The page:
A plan to rebuild the U.S. infrastructure can unite the working class

BY:Joelle Fishman| June 21, 2018
A plan to rebuild the U.S. infrastructure can unite the working class


The Communist Party has a long history of demanding and organizing for jobs to rebuild our nation’s infrastructure.   Over the years we have developed a working-class approach including massive public investments prioritizing impoverished African American, Latino and Native communities, poor rural areas, and youth; guaranteeing union rights and worker protections; transitioning from a war economy to a green economy, and taxing the richest.

In these times of continued escalating economic and racial inequality, life conditions for millions of working-class people across our country are at a crisis point.  There is a jobs crisis, a housing crisis, a crisis of drinking water in rural and urban communities alike, an environmental crisis in response to climate change.

In Memphis, while marking 50 years since the sanitation workers strike when Dr. MLK was assassinated, we saw blocks of boarded up housing complexes.  In Flint, households still do not have safe drinking water.

A comrade in Pittsburgh reports that while 40 years ago the federal government funded 30% of local water repairs, now only 3% is funded. Infrastructure is a top issue there now as it is in Michigan and Tennessee.  Municipalities simply do not have the funds for the most basic needs.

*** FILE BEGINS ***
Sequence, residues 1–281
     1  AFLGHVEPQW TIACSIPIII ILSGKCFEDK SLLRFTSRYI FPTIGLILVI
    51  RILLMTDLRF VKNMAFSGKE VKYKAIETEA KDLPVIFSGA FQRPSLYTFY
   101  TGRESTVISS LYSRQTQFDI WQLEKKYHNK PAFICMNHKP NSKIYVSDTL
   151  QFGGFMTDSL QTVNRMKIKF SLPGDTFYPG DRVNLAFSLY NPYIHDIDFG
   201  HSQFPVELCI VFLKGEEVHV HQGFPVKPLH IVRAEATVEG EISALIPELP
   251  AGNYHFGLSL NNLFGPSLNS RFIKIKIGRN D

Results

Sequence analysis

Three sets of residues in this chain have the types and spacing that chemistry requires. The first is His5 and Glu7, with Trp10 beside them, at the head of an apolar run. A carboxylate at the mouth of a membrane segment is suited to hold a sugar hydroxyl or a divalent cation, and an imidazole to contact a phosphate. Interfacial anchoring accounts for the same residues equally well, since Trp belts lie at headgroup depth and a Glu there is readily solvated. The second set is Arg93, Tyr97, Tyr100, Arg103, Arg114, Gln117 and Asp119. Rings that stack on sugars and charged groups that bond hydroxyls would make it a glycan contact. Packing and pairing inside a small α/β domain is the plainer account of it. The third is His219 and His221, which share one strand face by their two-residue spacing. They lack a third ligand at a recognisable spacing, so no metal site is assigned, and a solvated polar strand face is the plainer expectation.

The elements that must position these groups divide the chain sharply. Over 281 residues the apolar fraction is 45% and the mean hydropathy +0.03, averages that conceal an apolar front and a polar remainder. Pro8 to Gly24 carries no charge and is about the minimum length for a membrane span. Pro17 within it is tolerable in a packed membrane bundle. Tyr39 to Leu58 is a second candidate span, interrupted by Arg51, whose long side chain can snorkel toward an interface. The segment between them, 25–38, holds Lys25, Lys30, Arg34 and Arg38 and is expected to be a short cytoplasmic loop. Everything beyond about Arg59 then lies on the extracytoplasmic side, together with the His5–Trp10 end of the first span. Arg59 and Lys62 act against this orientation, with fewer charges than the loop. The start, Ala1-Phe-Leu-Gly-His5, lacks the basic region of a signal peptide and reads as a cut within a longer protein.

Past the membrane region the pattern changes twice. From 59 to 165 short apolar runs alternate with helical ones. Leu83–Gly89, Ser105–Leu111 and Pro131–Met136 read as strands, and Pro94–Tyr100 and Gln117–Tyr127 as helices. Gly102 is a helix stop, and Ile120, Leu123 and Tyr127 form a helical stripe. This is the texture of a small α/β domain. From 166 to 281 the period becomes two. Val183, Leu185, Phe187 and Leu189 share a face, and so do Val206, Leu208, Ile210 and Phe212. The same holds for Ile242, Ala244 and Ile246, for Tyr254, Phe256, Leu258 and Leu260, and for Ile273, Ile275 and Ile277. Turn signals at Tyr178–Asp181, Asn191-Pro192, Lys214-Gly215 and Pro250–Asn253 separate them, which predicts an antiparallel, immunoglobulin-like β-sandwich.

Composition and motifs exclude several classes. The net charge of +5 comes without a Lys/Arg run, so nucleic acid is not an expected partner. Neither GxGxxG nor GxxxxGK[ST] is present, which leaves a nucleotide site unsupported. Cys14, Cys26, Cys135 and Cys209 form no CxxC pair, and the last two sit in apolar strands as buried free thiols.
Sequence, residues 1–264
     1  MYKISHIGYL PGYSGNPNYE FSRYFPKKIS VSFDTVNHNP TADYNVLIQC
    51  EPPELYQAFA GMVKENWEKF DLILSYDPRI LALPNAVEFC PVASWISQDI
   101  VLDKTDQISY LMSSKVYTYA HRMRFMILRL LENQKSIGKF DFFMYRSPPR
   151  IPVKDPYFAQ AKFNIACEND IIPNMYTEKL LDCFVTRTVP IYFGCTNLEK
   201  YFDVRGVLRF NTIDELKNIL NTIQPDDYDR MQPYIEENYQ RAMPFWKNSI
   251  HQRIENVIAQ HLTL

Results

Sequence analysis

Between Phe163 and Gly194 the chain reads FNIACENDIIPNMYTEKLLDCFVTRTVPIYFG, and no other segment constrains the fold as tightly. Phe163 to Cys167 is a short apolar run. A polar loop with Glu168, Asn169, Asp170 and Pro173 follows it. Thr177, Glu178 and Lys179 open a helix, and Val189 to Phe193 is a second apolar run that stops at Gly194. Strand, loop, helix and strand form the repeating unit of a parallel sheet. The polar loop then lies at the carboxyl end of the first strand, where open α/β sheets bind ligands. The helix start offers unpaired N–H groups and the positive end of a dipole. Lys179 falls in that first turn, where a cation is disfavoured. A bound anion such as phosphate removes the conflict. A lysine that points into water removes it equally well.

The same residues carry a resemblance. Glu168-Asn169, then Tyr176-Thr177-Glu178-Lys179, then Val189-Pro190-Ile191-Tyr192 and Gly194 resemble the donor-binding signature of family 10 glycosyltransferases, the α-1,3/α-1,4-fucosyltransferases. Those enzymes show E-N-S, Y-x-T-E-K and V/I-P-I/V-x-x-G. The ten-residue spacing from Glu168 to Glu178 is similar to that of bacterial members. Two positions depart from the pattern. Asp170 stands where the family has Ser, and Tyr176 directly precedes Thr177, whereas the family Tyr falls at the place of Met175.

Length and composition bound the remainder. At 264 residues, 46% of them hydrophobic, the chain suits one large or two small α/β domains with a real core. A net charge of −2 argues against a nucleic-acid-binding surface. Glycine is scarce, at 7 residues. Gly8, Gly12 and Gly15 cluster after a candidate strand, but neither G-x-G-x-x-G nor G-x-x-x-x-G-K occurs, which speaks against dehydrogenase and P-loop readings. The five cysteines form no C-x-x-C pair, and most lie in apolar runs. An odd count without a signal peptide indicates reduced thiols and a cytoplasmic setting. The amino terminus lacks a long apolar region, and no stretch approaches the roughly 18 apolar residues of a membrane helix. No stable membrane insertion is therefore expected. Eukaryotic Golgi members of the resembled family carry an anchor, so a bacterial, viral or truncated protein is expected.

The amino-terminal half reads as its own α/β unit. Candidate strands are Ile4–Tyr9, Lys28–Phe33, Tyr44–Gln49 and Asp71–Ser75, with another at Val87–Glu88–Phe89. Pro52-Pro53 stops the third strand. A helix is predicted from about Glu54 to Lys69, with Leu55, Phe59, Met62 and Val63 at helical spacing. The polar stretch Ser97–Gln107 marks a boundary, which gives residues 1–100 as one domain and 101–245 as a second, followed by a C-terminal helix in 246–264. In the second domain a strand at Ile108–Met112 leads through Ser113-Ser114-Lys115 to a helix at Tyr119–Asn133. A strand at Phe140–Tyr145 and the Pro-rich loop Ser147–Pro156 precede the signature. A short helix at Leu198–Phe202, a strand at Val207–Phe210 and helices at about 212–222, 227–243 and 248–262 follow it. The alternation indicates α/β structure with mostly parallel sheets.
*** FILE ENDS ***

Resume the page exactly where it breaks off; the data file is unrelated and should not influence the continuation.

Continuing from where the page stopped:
In Connecticut, at the state capitol recently, the carpenters union was standing outside with giant signs calling for infrastructure repair and jobs.

Donald Trump made infrastructure and jobs a big issue in his campaign.  Now people are asking, “Where are the jobs?” Like everything else, Trump’s infrastructure proposal is a giant scam which would privatize public assets and siphon off even more wealth to developers and the super rich.

The issue of a real jobs and infrastructure program is unifying.  Local government, whether red or blue, cannot afford to meet the needs of their communities.  One example is how this emerged as an important issue in the successful campaign of Connor Lamb.  Pennsylvania’s 18 CD which had voted heavily for Trump chose a Democrat in the special election this year.

D- is the current grade issued by the American Society of Civil Engineers for our nation’s infrastructure. They say a $4.9 trillion investment is needed by 2025 to come up to good repair.  This does not include innovations like high speed rail or telecommunications.

The challenge before us is, in the midterm elections and for longer term:  How can we, with our allies, help build a strong grassroots voice and vote for programs that prioritize sustainability and the future of our country and its environment enabling millions of people to live productive and secure lives?